The Van Dolah Farm
Recently I asked if anyone recognized this photo. It didn’t take long for readers to answer the question, as you can see from the comments below.
So, I dived back into my files and found two more photographs of the farm that were sent to me awhile back by one of my readers–a before and after pair of photos, if ever there was one.
So many houses get demolished once they start to look like this house did in the 1920s. But this beautiful place shows that demolition is rarely justified.
Some time ago, I received a query from Alice Groner, regarding the name Union, as applied to cemeteries. Here is what she wrote:
Why were so many cemeteries named Union Cemetery years before the Civil War? . . . I have continued my search as well and discovered that Union Twp. in Hunterdon County was named after Union Furnace which made, among other things, cannon balls for the Revolutionary War. And a lot of the Union Cemeteries in NJ were established before/long before the Civil War. The Union Cemetery, which kicked off the discussion with my friend, is located near Finesville (on the Warren County side of the Musconetcong River), and it is so old that few tombstones are readable. I’m, also, wondering if the usual rather small cemeteries of our early churches filled up and, therefore, folks decided to have a cemetery uniting those of all/most faiths.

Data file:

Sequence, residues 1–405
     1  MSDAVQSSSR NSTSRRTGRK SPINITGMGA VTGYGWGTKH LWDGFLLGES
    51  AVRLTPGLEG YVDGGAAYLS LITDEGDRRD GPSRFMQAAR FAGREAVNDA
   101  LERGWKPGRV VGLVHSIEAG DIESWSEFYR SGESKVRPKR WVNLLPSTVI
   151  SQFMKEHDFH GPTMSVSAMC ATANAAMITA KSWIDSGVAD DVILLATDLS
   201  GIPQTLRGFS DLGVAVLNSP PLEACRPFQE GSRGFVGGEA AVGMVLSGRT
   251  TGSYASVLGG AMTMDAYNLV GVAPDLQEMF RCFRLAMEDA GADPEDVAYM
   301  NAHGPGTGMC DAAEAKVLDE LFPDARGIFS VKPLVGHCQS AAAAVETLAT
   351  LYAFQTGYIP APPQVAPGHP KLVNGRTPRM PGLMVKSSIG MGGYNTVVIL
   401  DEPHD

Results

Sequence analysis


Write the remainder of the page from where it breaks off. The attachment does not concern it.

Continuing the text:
“…so many questions…so little time.”
A Google search on the word Union in the Revolutionary War will get you some articles on the many flags that were flown during that time, one in particular (from Taunton, Massachusetts) with the words: “Liberty and Union.” So the word was on people’s minds when they thought about uniting the colonies. The goal of creating “a more perfect union” was used in the preamble to the Constitution.
Perhaps some of you can come up with a better answer for Alice. It’s an intriguing question.
I got a letter today from Joan Verity of Frenchtown who wondered about the history of the Methodist Church in Rosemont. It was built in 1860, but only lasted about 20 years.
Charles Cane purchased the building in 1948 and renovated it to serve as housing for his employees. Phil Cane still has a news article about the work that was done, and the bell that once hung in the church steeple can now be seen in the Cane Farm parking lot.
Lora Olsen, clerk of West Amwell Township, got in touch with me recently to see if I knew where this farm was located. She had some reason to think it might have been the farm once owned by George Trout. The Trout family lived on the farm just south of the tract of land owned first by the Robins, and later by the Buchanan family. I wrote about the location of that farm here.